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I personally do not feel I or my family is in a moral or spiritual crisis, however, I think all of us in the United States are feeling the consequences of moral and spiritual depletion in recent years. I believe that humanity puts itself through a cycle of giving and taking with our fellow humans. We seem to be wired for both selfishness and selflessness and when one attribute becomes too dominate, we find ourselves wanting to self-correct. I do feel we are coming out of a time of extreme self-righteousness and finding humility to be necessary of all of us. When even the mighty take a fall, it becomes obvious that we need to pull back, take stock and really consider not only what will benefit each of us but more importantly what will be best for all of us.

I recently read a provocative book that discusses this very concept of human patterns from the beginning of time, "Yearnings: Embracing The Sacred Messiness of Life" by Rabbi Irwin Kula. I found Rabbi Kula's poetic and pragmatic words to be comforting and reassuring that we have and we will evolve again as the human race. Be it on the individual or the collective level, we need to sustain hope, as he describes it through the Hebrew lens. 'Hope' in Hebrew is 'tikvah' which finds it's root in the word tension. "It is the bow just before the arrow is released: poised, suspended, determined, but not there yet." We are at that moment in our human evolution. "Tikvah reminds us that hope itself is a paradox." says Rabbi Kula.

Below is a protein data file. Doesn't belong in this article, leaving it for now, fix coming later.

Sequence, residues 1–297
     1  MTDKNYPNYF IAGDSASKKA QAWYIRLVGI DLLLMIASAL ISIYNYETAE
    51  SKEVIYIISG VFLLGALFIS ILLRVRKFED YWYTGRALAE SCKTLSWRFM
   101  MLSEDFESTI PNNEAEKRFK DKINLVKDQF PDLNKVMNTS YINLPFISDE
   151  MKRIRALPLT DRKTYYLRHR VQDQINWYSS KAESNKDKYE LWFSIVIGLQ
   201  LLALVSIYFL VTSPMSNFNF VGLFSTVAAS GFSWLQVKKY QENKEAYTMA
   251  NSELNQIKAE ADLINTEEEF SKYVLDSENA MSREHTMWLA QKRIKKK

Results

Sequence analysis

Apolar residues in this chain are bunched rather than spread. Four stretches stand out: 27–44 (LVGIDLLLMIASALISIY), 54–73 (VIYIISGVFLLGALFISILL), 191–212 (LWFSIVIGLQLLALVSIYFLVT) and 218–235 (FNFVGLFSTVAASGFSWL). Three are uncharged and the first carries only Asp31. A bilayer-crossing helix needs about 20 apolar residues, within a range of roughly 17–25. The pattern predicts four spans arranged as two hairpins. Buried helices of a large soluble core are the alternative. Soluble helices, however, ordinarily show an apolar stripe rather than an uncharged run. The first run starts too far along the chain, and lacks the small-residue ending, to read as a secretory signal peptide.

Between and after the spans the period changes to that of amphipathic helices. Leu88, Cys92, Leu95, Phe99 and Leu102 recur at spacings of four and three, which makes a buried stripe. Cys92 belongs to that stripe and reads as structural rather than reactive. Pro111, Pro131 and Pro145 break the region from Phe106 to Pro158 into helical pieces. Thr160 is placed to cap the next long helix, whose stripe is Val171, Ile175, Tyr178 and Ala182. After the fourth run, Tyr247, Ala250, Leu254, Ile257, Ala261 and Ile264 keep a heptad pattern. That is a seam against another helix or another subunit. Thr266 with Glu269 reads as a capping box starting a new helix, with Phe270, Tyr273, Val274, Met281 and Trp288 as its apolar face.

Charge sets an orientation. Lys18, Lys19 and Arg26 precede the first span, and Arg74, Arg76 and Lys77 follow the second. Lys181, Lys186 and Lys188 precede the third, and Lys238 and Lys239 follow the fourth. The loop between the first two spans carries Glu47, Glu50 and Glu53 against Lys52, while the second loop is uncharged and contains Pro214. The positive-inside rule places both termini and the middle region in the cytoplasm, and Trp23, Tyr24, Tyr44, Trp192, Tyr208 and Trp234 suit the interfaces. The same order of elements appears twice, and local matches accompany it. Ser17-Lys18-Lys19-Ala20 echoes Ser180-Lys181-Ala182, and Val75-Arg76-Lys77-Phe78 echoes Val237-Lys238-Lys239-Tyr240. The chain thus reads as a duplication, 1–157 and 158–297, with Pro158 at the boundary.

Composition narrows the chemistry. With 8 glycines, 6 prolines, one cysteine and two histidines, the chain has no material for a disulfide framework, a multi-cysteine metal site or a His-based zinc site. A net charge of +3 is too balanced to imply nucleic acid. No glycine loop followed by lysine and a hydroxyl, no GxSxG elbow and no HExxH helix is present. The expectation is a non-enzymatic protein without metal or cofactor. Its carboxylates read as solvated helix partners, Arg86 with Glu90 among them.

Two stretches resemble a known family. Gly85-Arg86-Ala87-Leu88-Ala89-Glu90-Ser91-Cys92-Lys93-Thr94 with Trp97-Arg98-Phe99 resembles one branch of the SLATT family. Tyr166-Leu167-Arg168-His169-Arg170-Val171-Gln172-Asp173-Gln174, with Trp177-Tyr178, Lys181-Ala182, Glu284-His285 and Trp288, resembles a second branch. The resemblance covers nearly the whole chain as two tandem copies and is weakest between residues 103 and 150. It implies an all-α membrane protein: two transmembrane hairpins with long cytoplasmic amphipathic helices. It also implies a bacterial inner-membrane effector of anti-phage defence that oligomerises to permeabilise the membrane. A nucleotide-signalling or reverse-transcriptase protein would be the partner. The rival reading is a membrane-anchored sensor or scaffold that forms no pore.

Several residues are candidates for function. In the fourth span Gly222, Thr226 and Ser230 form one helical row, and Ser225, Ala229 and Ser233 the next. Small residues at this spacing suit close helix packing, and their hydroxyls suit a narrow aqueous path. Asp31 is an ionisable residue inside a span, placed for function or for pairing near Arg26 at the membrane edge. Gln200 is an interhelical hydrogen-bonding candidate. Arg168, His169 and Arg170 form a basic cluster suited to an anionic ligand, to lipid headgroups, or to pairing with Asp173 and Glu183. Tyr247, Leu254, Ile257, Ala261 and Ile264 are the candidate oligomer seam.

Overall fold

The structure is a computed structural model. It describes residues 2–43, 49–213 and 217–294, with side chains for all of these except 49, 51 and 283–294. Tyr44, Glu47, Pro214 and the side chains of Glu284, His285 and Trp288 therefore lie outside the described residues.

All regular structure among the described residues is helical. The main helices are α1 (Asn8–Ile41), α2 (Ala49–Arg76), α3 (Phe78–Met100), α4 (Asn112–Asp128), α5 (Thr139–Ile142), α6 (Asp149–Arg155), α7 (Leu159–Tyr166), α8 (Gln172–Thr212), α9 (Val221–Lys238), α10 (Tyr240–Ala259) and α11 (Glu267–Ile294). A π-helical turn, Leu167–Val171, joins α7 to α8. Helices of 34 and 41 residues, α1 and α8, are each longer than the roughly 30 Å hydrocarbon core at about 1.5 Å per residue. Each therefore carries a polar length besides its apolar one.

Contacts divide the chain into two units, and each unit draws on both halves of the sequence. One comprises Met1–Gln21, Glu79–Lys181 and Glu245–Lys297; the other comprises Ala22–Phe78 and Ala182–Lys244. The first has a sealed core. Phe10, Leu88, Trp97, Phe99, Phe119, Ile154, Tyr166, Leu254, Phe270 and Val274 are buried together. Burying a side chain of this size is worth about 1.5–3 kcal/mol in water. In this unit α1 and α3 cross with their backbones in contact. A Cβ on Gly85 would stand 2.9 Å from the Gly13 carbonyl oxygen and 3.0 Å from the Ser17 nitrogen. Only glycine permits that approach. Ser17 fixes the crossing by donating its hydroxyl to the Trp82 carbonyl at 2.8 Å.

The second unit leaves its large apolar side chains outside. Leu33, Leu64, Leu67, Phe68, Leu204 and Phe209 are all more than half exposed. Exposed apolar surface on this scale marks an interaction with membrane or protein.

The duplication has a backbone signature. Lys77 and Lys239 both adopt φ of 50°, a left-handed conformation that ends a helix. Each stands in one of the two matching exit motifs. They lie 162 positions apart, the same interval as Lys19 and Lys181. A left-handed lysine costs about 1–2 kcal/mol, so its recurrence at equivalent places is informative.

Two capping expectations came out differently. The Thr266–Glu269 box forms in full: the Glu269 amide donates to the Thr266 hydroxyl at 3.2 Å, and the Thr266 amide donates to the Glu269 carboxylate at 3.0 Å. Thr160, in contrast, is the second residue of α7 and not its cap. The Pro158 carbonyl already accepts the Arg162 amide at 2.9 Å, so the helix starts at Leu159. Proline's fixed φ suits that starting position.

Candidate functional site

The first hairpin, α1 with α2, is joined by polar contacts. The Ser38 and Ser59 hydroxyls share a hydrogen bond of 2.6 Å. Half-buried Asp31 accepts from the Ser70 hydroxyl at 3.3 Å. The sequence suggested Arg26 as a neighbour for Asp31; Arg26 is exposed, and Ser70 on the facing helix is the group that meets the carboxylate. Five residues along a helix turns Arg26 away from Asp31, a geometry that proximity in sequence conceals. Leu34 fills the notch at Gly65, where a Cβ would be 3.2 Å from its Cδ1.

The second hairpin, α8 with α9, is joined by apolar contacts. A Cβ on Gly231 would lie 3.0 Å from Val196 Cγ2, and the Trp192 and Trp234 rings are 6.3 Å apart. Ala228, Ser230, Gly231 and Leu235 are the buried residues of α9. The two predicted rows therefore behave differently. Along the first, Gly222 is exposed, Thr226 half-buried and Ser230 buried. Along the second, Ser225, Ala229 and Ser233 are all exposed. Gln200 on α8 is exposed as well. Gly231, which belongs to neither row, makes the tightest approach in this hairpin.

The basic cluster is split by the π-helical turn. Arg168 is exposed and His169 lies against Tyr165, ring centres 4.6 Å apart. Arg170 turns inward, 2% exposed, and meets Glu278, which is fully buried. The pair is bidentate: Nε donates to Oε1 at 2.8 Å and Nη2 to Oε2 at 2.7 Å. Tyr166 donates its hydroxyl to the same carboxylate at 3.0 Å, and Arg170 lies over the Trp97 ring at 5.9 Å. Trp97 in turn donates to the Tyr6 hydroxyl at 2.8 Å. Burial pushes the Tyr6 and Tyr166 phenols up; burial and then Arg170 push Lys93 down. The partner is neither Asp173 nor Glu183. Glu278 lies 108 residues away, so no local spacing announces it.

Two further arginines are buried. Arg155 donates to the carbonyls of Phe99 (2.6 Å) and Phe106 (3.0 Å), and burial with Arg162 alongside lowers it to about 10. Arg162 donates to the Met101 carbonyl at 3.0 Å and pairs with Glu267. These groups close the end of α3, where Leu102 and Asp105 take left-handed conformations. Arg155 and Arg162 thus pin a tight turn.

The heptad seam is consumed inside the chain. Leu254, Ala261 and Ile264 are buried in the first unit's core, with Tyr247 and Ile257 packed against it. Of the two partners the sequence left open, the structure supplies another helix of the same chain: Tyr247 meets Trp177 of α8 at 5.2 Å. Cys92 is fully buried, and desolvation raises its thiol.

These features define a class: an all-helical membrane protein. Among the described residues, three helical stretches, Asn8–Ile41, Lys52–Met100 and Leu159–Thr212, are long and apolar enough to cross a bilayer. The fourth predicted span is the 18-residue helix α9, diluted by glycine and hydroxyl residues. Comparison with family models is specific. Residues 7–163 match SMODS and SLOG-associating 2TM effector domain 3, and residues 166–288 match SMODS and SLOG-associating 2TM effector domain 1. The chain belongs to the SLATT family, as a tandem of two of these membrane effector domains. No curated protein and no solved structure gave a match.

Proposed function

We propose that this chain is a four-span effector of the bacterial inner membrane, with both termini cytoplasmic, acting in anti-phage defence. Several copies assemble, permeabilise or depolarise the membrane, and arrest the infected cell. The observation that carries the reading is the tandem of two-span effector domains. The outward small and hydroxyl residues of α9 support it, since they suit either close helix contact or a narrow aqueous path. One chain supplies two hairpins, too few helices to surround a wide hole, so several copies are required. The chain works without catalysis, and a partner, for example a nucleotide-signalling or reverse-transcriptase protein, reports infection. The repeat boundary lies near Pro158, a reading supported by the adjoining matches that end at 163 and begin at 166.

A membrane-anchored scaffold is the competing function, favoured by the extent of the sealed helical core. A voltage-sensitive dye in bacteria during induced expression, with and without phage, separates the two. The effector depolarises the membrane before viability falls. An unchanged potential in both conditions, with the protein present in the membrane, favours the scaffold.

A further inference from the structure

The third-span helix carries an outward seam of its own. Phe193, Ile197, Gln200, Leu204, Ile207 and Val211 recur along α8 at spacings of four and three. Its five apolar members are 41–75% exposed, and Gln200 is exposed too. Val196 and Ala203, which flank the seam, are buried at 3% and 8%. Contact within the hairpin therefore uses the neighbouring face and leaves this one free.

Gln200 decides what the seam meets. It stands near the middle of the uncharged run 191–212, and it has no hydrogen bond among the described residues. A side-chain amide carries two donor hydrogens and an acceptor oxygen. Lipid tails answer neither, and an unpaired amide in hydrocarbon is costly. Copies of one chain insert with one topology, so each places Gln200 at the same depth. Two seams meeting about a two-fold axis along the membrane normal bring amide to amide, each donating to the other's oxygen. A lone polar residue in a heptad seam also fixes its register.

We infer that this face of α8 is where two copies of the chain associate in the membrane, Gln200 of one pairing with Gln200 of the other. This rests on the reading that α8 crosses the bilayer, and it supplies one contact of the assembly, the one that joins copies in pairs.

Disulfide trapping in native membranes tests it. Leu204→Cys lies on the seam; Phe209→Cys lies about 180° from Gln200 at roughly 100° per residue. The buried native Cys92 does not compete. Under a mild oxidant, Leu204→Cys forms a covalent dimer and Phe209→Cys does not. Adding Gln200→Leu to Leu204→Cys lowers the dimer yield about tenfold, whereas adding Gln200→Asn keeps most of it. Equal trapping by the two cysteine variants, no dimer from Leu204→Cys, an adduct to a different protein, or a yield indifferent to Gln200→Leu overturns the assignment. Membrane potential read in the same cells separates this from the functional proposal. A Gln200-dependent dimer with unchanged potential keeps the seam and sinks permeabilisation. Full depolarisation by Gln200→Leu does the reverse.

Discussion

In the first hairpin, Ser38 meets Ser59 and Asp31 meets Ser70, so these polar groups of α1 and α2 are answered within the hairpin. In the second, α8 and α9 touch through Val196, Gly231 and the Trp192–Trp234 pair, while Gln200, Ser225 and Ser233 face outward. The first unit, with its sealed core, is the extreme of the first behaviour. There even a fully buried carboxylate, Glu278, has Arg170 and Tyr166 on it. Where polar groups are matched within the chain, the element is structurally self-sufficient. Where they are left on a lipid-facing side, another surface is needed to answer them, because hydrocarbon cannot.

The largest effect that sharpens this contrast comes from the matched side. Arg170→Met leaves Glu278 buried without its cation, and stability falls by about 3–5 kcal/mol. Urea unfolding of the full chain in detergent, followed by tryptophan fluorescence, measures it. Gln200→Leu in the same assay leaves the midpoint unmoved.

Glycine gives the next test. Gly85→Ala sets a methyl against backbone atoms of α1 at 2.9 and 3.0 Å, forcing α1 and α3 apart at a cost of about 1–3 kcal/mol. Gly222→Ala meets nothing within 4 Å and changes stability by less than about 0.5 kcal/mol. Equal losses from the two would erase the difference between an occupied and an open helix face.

I feel like we are at that precipice of hope, yet we must heal our spirit to realize our hope actualized.

My youngest son, now 15, once asked me when he was very young, "What is the trick to life, Mommy?" At the time, I responded by saying that we always need to ask that keep seeking answers. If we recognize that we are both unique and special and yet insignificant all at the same time, we have a decent chance of surviving any crisis thrown our way.